ADHD and teenagers communicating

Communication can be a challenge for most teenagers. It is a time when you are changing and developing into another version of yourself. Your interests and abilities are emerging and communication methods are changing as well. With technology readily available the ways in which we communicate have evolved and it can now be spontaneous and 24 hours a day. What we need to remember is that the rules around how and what is said hasn’t changed. We need to be respectful and aware of others in a communication exchange.


Knowing that you have ADHD you need to be aware of how it may impact upon your communication exchanges. Are you impulsive, hyperactive and inattentive? How do you manage this at home, in class, in the community and how would you manage at a potential workplace? The following are some expectations that those around you will have of you and some suggestions of how you might manage each one:

Listening to information

In class teachers may expect you to listen to information for up to 30 minutes or longer. Can you do this? If not let the teacher know and work out how you can get this information. Could you tape it and then listen to it in smaller chunks of time later with headphones on, so as not to distract others.

Presenting work verbally

Would you be able to present your work verbally and remain focused long enough to do this? Great if the answer is yes! If not could you negotiate to present via a video, tape or a mix of both and verbally.


Many classes are set work tasks for up to 50 minutes. Are you able to concentrate for this long? If not what can you do to manage this- negotiate breaks with your teacher, set a timer for your top concentration period then take a break and then resume the task once your break time is complete.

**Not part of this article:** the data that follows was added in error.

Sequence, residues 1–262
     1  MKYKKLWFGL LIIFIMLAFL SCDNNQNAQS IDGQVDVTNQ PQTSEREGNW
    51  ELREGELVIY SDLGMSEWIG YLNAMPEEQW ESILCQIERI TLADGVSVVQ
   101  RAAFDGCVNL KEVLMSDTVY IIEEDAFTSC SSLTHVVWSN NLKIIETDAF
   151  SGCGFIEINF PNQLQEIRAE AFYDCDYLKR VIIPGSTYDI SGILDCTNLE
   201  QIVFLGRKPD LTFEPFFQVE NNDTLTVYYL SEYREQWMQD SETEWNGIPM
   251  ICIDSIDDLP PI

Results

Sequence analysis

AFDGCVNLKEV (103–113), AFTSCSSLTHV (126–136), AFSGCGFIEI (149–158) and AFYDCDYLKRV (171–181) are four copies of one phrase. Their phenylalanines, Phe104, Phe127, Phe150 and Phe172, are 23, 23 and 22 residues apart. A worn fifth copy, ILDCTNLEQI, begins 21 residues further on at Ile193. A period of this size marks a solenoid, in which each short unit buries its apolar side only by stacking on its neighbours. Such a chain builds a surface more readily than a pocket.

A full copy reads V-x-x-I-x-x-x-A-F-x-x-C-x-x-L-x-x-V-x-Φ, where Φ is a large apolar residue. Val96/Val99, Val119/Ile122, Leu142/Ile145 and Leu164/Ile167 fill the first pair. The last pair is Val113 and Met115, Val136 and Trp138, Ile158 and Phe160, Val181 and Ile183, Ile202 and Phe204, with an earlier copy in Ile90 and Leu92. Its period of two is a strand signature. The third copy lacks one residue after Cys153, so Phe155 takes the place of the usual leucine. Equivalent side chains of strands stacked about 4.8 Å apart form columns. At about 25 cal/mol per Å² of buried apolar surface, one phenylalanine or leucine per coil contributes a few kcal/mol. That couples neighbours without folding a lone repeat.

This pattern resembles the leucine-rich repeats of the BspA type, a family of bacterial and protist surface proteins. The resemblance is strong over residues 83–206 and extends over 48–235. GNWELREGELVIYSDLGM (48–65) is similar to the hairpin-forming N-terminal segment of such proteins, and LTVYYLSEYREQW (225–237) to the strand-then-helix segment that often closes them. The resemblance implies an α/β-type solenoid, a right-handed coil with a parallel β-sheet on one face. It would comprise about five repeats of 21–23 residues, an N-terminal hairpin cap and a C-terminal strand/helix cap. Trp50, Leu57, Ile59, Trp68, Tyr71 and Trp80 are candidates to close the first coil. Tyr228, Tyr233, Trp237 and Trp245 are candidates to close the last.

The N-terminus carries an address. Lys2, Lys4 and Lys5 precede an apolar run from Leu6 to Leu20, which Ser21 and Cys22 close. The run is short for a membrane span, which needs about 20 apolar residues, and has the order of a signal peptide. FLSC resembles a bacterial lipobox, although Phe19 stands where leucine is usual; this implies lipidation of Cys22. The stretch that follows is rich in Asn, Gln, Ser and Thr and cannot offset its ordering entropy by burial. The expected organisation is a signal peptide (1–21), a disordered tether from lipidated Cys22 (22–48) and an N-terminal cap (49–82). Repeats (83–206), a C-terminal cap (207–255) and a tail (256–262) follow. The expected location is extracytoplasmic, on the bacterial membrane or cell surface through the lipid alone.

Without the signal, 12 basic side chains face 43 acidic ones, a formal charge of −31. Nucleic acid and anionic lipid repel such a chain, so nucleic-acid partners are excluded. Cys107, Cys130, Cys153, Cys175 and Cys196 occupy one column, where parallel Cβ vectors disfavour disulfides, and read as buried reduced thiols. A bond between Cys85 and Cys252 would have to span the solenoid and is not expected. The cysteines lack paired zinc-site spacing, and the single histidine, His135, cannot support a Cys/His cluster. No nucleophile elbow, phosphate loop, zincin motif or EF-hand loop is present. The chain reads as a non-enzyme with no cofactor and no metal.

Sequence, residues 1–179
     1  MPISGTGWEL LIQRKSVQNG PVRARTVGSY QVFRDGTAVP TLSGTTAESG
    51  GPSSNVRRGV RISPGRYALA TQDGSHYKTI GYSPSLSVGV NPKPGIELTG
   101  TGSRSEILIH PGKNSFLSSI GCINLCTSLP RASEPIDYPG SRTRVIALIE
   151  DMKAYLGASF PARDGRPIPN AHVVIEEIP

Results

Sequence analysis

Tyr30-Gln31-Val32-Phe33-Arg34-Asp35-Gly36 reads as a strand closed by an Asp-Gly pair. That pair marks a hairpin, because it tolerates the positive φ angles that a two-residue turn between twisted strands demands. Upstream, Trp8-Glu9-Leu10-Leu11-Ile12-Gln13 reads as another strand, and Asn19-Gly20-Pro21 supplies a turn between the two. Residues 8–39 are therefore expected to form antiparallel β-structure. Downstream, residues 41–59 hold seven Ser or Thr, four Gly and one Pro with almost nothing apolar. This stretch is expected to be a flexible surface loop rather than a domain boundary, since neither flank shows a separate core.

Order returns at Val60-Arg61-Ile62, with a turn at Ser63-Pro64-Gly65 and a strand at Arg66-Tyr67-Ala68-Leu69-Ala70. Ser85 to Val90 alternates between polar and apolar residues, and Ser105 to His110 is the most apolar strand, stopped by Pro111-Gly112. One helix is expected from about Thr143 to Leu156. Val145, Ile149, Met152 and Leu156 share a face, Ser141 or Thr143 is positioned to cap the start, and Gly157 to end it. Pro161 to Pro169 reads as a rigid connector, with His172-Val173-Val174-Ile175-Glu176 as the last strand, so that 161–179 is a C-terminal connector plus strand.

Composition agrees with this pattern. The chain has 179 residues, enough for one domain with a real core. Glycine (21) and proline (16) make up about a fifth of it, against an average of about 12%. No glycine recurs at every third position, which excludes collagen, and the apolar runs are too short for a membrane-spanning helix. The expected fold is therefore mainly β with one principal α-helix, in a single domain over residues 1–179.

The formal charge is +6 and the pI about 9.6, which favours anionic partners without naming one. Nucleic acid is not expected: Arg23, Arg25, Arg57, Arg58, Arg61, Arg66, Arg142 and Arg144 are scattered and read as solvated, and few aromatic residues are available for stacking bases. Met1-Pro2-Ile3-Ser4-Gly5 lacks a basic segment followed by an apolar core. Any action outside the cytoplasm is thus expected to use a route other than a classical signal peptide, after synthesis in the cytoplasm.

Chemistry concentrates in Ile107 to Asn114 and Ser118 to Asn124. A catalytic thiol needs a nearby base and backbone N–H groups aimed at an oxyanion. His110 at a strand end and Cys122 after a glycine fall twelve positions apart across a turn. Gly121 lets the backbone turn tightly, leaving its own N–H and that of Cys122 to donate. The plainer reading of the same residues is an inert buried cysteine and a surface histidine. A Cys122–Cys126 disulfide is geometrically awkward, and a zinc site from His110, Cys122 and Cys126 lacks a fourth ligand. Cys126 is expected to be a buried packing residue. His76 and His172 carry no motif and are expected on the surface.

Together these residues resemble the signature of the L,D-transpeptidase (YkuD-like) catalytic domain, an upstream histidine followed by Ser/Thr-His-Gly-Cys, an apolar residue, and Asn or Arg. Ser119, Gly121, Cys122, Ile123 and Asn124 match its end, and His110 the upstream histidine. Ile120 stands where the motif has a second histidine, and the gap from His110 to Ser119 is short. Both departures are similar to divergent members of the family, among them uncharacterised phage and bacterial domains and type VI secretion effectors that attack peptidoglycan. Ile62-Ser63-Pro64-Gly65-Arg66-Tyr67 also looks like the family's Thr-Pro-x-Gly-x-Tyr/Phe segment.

Are you aware of and or know what causes or make you act impulsively? Is it boredom, is it because you are distracted, is it because you just want to do something else or did a new idea just pop into your head? Once you identify what it is, work out a strategy with your teacher, classmates, family and friends that can help you to manage this.

Communication exchanges

How we communicate is important. Regardless of whether it is face to face with a person or via technology it needs to be respectful. It is not appropriate to interrupt or speak over the top of another person during a conversation. When using technology be aware of a persons’ right to privacy as they may not wish to be communicating with you on weekends or late at night.

Management of your ADHD is about communication. It requires you to communicate to those around you what you need to help you with everyday life. Communication is about respectful exchanges between people. If you have a further learning disability that you are aware of such as Autism Spectrum Disorder(ASD)  or an Intellectual Disability(ID)  then there are further strategies to assist you with different aspects of communication.

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